The 10th annual Keepers of the Dream Community Arts Celebration of Dr. King’s Vision is presented by Kentucky Performing Arts’ ArtsReach, in collaboration with the city and the River City Drum Corp. The Jan. 19 event, hosted by WKU student Jayla Ransom, will feature presentation of the Mayor’s Freedom Award, ArtsReach Living the Vision Awards, Keith McGill’s recitation of Dr. King’s speech, “Another America,” along with dance, music and spoken word.
The ArtsReach Living the Vision Award will be presented to educators Edna Graham, Johnetta Anderson, and those who have led Maryhurst’s programming team – Joyia Johnson, Stacie Vaughn, Demarco Harris, Jayme Thiem.
Performers include those from ArtsReach Dance, Percussion and Violin Studios at the Chestnut Street Family YMCA, Portland Promise, WESTEC and West End School. Other featured artists are Phoenixx Lee with the art of LaNia Roberts, poets Writeous Soul and Brea Brea, Every Known Mastermind, Made New Acapella, D.E.S.T.I.N.E.D. Dance, and the Percussion Ensemble and Drumline of River City Drum Corp.
In addition to the performance and awards ceremony, the lobby will be bursting with activity prior to the event, with pre-show entertainment by River City Drum Corp Pipe Drummers, a selfie station, Civil Rights button-making with Gwen Kelly, and exhibitors from local organizations.
Mayor Greg Fischer and several Metro Council members are proposing changes to the city’s property tax moratorium program that would enhance anti-displacement efforts in neighborhoods experiencing rapid investment.
An amendment filed today would make the Property Assessment and Reassessment Moratorium Program more accessible to homeowners in west Louisville, Smoketown and Shelby Park. The goal is to avoid the displacement that can occur when a neighborhood sees such quick investment that property values rise markedly, which in turn can raise property taxes beyond what current residents can afford and put pressure on existing homeowners to sell.
The moratorium program will work in concert with other anti-displacement measures such as the recently launched Russell Homeowner Repair Program, which provides funding to help Russell homeowners make critical home repairs.
Established in 1983, the moratorium program encourages residential and commercial property owners to make improvements to properties that are at least 25 years old, and in return, their Metro Government and Urban Services District taxes are frozen for five years, even if their property values rise.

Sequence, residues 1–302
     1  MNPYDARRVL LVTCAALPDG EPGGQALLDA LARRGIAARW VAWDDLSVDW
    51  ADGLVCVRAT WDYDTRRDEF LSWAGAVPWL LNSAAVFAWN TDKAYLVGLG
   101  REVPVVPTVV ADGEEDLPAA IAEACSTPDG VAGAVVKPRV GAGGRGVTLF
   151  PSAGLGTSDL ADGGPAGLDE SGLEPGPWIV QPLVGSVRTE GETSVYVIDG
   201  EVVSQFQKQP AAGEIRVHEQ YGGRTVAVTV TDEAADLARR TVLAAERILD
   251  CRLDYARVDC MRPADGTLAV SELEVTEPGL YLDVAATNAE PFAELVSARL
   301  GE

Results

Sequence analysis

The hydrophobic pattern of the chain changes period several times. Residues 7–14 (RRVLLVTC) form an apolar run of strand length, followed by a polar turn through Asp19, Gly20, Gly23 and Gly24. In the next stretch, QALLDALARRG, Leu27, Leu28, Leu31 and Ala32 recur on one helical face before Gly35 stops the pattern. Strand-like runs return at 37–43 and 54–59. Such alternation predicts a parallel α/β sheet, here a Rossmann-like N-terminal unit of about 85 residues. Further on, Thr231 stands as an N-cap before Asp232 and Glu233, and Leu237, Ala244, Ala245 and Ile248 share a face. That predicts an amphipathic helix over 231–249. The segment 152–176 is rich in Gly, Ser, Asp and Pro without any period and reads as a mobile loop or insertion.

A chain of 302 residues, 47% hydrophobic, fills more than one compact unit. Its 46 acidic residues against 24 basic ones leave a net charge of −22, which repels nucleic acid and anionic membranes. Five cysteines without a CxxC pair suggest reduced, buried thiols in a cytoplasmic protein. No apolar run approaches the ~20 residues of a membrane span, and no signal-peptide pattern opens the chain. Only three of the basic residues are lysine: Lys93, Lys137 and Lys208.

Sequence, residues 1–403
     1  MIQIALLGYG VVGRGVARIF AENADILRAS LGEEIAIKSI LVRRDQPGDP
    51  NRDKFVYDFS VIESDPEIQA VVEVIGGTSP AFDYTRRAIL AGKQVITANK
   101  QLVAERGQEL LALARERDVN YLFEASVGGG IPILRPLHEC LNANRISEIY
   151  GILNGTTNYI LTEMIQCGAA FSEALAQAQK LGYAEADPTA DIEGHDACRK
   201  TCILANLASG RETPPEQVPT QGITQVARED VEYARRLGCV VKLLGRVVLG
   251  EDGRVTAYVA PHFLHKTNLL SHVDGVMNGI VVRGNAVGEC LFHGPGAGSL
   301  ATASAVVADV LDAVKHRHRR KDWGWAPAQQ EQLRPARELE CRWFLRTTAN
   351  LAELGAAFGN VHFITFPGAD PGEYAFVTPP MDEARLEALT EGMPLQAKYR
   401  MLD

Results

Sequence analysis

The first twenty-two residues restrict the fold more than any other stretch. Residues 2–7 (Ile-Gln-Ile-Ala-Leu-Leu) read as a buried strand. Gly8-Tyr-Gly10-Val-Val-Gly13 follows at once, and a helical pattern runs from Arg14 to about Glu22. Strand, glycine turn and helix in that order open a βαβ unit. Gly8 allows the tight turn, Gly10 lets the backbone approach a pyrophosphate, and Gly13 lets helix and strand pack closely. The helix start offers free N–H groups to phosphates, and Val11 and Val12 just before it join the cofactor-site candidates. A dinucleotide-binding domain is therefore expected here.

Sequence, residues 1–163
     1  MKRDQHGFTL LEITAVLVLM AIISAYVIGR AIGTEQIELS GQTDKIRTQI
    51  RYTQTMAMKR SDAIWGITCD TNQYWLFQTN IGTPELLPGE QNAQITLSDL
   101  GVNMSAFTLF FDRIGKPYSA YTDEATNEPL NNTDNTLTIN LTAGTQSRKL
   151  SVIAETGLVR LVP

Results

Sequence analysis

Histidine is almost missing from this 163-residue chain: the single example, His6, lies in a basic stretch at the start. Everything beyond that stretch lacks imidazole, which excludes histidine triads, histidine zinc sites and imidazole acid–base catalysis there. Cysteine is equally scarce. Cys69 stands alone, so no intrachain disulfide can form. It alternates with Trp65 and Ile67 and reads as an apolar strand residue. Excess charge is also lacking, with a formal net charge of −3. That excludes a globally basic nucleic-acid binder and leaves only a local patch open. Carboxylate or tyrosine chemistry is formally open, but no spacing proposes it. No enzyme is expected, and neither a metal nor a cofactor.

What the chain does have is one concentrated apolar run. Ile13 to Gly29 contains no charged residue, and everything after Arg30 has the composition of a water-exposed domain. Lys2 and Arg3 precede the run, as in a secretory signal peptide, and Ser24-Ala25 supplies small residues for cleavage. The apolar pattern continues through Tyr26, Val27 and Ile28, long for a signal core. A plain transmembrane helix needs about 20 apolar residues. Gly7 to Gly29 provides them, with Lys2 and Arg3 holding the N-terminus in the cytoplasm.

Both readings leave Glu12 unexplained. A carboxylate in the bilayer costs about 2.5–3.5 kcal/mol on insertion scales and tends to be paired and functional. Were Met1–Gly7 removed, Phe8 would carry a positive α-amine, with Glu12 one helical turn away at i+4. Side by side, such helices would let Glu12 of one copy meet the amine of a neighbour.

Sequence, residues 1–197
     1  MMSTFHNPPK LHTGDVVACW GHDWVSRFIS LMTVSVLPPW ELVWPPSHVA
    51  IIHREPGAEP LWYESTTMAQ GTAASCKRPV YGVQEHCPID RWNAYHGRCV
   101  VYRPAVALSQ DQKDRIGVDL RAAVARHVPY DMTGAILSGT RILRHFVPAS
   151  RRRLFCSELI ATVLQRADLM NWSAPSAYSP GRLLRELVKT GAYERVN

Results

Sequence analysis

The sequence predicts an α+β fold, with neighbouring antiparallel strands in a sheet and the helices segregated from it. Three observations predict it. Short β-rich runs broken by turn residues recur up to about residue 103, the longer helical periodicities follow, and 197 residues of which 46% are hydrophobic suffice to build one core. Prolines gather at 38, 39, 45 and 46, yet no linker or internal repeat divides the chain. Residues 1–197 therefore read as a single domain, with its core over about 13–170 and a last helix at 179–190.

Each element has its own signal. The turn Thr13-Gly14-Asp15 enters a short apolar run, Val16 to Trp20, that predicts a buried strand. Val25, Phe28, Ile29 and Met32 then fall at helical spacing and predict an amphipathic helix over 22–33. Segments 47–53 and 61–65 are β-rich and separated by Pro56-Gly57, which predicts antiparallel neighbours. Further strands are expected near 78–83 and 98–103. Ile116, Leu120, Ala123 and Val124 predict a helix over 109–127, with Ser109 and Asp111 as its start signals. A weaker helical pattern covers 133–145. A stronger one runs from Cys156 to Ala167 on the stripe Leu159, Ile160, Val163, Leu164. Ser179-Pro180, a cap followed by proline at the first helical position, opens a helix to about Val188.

The proposed amendment would lower the amount of money that homeowners in west Louisville, Smoketown and Shelby Park would have to spend on such improvements to qualify for a tax moratorium. Under the amendment, homeowners would qualify if their improvement costs equal at least 5 percent of the value of the improvements, based on the latest assessment made by the Jefferson County PVA. For example, the average single-family home in Russell is valued at $36,717, meaning the owner would need to spend at least $1,836 on upgrades and improvements to qualify.
Commercial and residential properties located outside of west Louisville, Smoketown and Shelby Park may also still be eligible for the tax moratorium program.
Those properties are eligible if the improvement costs equal at least 10 percent of the value of the improvements and if the property is in a census tract where at least 50 percent of household incomes are less than 60 percent of the area median income.
The amendment to the moratorium program is possible because of Section 172B of the state Constitution, which governs the ability of local governments to offer a property tax moratorium and limits this action to qualifying repair activity and no more than five years.
Measure is part of a broader effort
Mayor Fischer said the proposed changes – including a waiver of the program’s $40 administrative fee for qualifying low-income owners – represent just one piece of a broader effort by Louisville Metro and its partners to stave off displacement and build wealth among longtime residents.
“We are seeing significant reinvestment in some of these neighborhoods, and we want to be sure that the people who live in these communities, the people who are the soul of these communities, can stay and grow with these communities,” he said.
Colleen Younger, Jefferson County Property Valuation Administrator, agreed.
“New investment is good and necessary to stabilize neighborhoods, but an important piece must be to offer protection to current, longtime homeowners who are the heart and soul of these urban neighborhoods and the households that are the most financially fragile and at risk,” she said. “Property values in west Louisville neighborhoods rose for the first time in eight years during the 2019 assessment, and this program will offer some protection as property taxes rise due to fast growth in the target areas.”
The Smoketown and Shelby Park neighborhoods will be reassessed this year. Property owners can challenge their assessment through Jefferson County PVA’s “You have a right to appeal” program, where residents can submit photos and documentation through mail, in person or online. For more information about the program, call (502) 574-6380 or visit jeffersonpva.ky.gov.